I would be lying if I said that the last-minute news of the route change at the Two Oceans is anything but calamitous. It's disastrous news, and so sad for all those who dreamt of celebrating the 50th race by revelling in the beautiful views from the top of Chapman's Peak.
Of course, we all understand the reasons for the route change decision and we understand safety must be the major priority.
So... what can we do about this new challenge?
First of all, we must all radically adjust our plans because this new route is a very different beast. Race strategies must change, anticipated finishing times must be downgraded and we must look to new horizons.
I have added 20-30 minutes to my ETA,which means I might not beat the cut-off gun and earn a 50th celebration medal. Yet, I will still run the first smooth, seductive half of the race slowly, conserving energy for the monster second half.
The climb up Ou Kaapse Weg is unending (8 brutal kilometres). In any other race its quaint Afrikaans name would be replaced with a nickname like "Coronary Thrombosis Heights" or "The North Face of the Eiger".
I will employ a walk/run strategy and a "talking to friends as much as possible self- administered anaesthetic". Anything except allowing myself to sink into silence and a slough of despondency.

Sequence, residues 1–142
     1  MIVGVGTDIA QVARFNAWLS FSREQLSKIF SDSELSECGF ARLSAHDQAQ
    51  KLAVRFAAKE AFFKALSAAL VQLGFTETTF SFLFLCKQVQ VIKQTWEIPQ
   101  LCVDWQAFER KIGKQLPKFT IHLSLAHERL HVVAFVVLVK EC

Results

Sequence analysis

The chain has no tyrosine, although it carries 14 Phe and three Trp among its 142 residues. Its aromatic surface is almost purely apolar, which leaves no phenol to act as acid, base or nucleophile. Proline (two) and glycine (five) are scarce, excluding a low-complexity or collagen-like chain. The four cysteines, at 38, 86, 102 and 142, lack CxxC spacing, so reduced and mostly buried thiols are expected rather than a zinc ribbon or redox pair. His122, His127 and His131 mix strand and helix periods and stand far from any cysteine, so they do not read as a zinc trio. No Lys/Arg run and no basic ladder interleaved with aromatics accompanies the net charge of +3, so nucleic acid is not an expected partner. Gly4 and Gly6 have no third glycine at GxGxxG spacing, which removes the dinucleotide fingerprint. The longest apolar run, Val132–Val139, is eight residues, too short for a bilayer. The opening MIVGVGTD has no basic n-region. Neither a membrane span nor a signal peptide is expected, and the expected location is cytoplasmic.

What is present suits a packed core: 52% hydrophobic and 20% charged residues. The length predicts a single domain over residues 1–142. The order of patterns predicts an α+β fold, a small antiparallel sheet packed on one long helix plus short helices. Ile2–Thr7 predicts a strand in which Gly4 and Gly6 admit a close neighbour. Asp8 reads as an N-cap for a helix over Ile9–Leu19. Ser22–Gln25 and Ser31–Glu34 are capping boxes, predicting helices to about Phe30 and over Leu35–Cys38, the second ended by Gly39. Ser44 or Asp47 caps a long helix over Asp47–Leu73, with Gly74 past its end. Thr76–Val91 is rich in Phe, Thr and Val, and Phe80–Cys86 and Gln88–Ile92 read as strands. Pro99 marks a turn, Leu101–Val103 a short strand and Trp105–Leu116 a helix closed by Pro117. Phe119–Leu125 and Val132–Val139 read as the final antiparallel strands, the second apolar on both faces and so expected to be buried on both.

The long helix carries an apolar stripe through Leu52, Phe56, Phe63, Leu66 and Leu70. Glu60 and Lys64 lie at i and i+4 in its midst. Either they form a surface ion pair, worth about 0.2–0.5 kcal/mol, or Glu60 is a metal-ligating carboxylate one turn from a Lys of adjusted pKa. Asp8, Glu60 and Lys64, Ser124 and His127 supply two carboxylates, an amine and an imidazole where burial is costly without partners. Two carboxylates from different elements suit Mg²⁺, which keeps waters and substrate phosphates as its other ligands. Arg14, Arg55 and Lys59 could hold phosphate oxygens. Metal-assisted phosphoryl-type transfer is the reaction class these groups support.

But, the critical point of this route is the precipitous descent to the base of the mountain. What goes up must come down, and the down on this route is muscle smashing, toenail popping steep pain. I will try to make gravity my friend, but will take small steps trying to preserve my quads, my calves and my legs!
After the downhill plummet, a long dreary plod confronts all of us. I won't lie. It's turgid stuff, made even more mind numbing by an out-and-back stretch that seems so incongruous and "village fun run" in a World-Class event.
The next obstacle is Southern Cross Drive. We can pretend we are running up Constantia Nek, because it is the alternative route' s equivalent, though slightly longer and tougher. After that we're on familiar ground, and the last kilometres are as they have been for many years.
I hope I haven't terrified those who read this. But it is time to accept a new, tougher challenge, gird our loins and HTFU.
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TACKLING A DOWN RUN
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